When you first begin your career in Account Management, it can be overwhelming managing multiple client relationships. I remember the first time I was introduced to my THIRTEEN new clients. I had to create index cards with pictures, birthdays, spouses’ names, and favorite snacks just to keep track. I kept them in my pocketbook and quickly reviewed them before meetings.

I once heard a seasoned Account Director asking his account team to report back to him by answering three questions:

  1. How is the (clients’) business?
  2. How is the work?
  3. How is the relationship?

I love that framework and have followed it throughout my career.

As Account Managers, our job is to invest in our clients’ business. We need to know as much as we can about their customers, their field teams, and their revenue drivers. Agencies who really understand their clients’ business can be quick to offer solid and strategic recommendations.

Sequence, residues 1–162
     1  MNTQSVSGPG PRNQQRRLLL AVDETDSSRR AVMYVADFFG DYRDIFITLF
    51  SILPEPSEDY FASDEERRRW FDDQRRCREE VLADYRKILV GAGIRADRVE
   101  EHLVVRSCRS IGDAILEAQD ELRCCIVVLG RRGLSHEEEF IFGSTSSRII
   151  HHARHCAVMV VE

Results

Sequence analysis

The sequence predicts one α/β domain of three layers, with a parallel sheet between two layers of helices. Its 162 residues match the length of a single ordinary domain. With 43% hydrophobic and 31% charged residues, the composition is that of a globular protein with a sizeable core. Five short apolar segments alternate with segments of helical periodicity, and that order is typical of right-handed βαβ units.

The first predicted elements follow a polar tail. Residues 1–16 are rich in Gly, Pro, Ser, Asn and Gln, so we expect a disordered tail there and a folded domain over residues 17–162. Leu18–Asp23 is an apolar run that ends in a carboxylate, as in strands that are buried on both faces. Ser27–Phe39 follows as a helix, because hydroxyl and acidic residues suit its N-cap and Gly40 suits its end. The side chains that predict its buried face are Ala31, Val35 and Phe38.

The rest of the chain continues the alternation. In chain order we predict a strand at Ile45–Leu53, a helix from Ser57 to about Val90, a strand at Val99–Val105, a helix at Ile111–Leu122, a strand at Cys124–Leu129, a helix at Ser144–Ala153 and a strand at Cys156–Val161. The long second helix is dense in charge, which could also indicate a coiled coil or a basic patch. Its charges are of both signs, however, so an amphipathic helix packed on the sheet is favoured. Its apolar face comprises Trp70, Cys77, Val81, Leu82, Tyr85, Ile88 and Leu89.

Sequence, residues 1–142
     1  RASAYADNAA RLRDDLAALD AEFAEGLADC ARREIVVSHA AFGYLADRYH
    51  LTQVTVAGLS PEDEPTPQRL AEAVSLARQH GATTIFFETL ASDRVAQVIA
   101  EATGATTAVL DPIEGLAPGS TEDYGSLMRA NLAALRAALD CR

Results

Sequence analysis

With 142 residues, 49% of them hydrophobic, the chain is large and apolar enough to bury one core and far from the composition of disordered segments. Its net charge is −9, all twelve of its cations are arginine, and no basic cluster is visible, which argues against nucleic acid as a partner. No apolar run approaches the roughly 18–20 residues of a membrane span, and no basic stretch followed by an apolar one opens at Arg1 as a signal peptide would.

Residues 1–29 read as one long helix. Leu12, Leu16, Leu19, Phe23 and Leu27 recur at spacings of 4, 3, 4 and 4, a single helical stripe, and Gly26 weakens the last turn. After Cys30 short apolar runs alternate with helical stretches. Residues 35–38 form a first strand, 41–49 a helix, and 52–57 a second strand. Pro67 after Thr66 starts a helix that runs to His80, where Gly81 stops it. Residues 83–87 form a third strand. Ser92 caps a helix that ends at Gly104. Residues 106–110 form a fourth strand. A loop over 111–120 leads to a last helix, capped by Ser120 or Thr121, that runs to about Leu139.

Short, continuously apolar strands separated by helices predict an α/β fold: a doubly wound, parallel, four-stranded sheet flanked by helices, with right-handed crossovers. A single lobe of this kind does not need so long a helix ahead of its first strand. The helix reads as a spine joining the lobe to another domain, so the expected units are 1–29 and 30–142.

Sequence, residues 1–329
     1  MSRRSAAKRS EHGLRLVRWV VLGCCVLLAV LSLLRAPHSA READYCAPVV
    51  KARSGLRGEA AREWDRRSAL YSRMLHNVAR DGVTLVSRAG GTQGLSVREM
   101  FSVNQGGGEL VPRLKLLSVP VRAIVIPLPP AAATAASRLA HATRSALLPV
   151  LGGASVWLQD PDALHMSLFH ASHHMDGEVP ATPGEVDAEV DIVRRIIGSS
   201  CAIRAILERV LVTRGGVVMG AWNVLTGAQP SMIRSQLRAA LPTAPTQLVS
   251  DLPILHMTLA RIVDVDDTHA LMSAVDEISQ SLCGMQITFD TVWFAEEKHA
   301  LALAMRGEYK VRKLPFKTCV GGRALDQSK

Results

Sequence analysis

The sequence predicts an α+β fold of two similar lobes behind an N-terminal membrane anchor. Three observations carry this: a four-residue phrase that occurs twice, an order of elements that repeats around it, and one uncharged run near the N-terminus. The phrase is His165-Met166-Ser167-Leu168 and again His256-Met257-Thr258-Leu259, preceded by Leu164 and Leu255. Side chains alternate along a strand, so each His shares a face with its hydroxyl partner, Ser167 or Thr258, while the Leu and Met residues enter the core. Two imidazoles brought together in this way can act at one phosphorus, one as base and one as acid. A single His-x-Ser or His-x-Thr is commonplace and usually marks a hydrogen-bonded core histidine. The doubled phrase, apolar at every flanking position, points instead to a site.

Evaluating the Agency’s work on behalf of the client takes discernment, poise and a whole lot of practice. The creative team needs the perspective of someone who is embedded in the clients’ business and can ask the hard questions: is the work delivering on the clients’ business objectives and goals? How are we measuring success? Sometimes even the sexiest work is off-target.

(It’s also important to understand the clients’ nuances. I once had a client who hated the color purple. I learned quickly to never let anything cross her desk that had even a hint of purple on it, or she would dismiss the creative concept entirely.)

I would argue the most important part of an Account Manager’s job is to have incredibly high “EQ,” or “emotional intelligence.” Being in-tune with your clients’ perception of the agency is critical. Let your clients know you are willing to have the tough conversations about any issues that may come up—it will minimize the number of surprises and help set expectations internally.

Listen, invest in the business, be intentional in your relationships, and remember that people just want to be heard.